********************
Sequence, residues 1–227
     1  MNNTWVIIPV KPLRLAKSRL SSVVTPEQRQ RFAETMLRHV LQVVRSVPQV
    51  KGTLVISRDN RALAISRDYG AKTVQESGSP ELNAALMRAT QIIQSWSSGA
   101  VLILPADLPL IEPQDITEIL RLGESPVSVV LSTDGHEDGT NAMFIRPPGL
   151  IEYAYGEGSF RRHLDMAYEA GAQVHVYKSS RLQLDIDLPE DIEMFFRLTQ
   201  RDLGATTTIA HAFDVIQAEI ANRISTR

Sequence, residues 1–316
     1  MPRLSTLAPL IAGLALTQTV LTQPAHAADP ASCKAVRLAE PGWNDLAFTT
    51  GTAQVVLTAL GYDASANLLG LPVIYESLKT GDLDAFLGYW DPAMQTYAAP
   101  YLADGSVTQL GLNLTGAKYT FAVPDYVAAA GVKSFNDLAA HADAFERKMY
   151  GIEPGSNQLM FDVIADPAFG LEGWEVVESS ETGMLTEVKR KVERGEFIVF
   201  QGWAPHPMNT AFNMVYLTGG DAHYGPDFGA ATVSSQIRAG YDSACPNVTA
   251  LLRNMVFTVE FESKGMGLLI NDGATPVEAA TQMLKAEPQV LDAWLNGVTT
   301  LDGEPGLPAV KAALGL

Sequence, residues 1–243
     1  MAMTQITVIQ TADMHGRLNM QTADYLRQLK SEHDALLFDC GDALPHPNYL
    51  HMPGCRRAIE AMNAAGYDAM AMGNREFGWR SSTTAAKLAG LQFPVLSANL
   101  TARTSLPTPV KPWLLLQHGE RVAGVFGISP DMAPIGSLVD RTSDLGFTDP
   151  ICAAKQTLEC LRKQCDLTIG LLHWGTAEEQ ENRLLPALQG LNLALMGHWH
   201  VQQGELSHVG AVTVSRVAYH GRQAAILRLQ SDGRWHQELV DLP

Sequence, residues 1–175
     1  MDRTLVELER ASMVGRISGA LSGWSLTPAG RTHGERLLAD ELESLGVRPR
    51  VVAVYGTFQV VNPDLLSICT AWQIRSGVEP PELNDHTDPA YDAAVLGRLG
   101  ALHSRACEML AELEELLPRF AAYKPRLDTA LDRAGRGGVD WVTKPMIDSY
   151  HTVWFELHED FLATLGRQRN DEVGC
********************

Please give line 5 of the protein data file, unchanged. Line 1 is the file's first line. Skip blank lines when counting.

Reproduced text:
   151  IEYAYGEGSF RRHLDMAYEA GAQVHVYKSS RLQLDIDLPE DIEMFFRLTQ